It is interesting that such a common word, like “welcome”: meaning, to greet someone in a friendly manner might have originally meant, “will walk.” In other words, it wasn’t about what the host does to a visitor, but a sign of the visitor’s willingness to be received. “Welcome,” is a compound word, comprising “will” (desire) and “to come” (the Old English “come” meant “to walk”).
“Welcome” is one of many words that has had this kind of transformation of meaning. These shifts regularly happen. The unusual thing is that this transformation happened very early in both the English and German versions. It makes sense, the word expressing one’s willingness to receive hospitality becomes the word for offering hospitality.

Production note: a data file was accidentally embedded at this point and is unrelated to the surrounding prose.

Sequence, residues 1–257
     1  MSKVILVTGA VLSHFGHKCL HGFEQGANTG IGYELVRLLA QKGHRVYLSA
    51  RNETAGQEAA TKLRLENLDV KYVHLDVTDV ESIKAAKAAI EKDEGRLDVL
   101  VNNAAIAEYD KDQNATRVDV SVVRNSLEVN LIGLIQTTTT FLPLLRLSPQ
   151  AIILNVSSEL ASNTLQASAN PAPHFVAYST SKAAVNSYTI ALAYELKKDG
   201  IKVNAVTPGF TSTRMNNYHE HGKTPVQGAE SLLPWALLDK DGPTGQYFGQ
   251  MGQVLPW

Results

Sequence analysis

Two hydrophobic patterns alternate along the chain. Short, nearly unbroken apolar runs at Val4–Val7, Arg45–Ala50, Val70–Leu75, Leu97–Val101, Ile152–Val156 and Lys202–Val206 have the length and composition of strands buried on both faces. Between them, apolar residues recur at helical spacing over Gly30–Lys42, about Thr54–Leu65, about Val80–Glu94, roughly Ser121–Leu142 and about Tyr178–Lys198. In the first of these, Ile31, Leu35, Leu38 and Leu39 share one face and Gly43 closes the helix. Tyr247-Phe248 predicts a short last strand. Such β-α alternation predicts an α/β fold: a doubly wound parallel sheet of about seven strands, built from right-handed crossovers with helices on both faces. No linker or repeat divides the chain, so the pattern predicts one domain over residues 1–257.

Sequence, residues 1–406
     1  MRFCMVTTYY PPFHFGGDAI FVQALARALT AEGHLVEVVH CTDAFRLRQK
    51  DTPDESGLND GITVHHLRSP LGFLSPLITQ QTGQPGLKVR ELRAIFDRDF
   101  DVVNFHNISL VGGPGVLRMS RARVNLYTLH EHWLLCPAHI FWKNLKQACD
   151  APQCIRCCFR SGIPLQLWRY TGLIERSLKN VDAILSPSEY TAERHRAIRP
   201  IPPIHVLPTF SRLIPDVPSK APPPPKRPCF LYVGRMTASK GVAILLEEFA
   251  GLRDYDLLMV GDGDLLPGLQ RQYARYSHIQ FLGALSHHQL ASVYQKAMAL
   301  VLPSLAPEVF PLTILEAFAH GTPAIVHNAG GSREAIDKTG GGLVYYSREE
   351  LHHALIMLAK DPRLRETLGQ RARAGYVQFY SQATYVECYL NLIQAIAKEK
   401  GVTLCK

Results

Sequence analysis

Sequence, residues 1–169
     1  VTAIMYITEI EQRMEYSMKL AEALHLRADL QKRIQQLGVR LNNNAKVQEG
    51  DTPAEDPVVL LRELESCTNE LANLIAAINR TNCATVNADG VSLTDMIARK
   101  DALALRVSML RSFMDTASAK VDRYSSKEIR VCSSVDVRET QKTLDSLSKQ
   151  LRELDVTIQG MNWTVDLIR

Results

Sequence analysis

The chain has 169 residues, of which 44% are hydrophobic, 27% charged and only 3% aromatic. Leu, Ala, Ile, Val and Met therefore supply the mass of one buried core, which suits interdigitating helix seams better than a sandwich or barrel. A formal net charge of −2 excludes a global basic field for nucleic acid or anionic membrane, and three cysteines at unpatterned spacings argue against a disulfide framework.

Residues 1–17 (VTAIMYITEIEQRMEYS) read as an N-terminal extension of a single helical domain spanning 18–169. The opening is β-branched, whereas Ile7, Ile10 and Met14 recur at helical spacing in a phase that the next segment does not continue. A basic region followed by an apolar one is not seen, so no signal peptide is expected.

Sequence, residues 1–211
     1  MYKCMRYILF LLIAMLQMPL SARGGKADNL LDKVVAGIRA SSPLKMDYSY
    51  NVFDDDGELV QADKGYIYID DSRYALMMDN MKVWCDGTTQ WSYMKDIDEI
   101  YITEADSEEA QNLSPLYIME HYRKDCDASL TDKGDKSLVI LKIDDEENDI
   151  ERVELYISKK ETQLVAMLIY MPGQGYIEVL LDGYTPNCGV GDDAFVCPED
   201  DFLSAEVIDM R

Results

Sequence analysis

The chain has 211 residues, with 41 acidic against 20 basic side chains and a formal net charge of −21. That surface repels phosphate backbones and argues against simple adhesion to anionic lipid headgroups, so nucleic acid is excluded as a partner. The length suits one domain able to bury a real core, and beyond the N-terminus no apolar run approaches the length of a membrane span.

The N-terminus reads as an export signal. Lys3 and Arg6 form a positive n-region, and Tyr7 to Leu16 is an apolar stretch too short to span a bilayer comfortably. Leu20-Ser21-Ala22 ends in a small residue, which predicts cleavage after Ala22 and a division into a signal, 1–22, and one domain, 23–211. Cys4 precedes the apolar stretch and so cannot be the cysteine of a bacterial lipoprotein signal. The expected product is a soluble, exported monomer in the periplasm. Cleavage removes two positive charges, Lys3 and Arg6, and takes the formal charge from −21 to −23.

When we welcome people to worship we are acknowledging their willingness to receive our hospitality. It speaks to an often ignored aspect of hospitality. Spiritually speaking, the line between host and visitor is obscured. So much so that the roles can be reversed.
Saint Teresa of Calcutta, who was canonized last week by the Roman Catholic Church, spoke of the people she helped, the poorest of the poor, as Christ in disguise. If that is true, and I’m inclined to believe it to be, then who’s the host, St. Teresa or Christ? It is as true in Charlottetown as it is in Calcutta, that every visitor to St. Paul’s Church is an opportunity for us to welcome Christ.
I know that we are only too happy to show hospitality to anyone and everyone who darkens the doorway of our building and brightens the heart of our community. But, but, but… a mutually satisfying welcome most often depends on one more thing, an invitation. So be sure to invite people to our worship. Invite people for any Sunday, any time that we gather.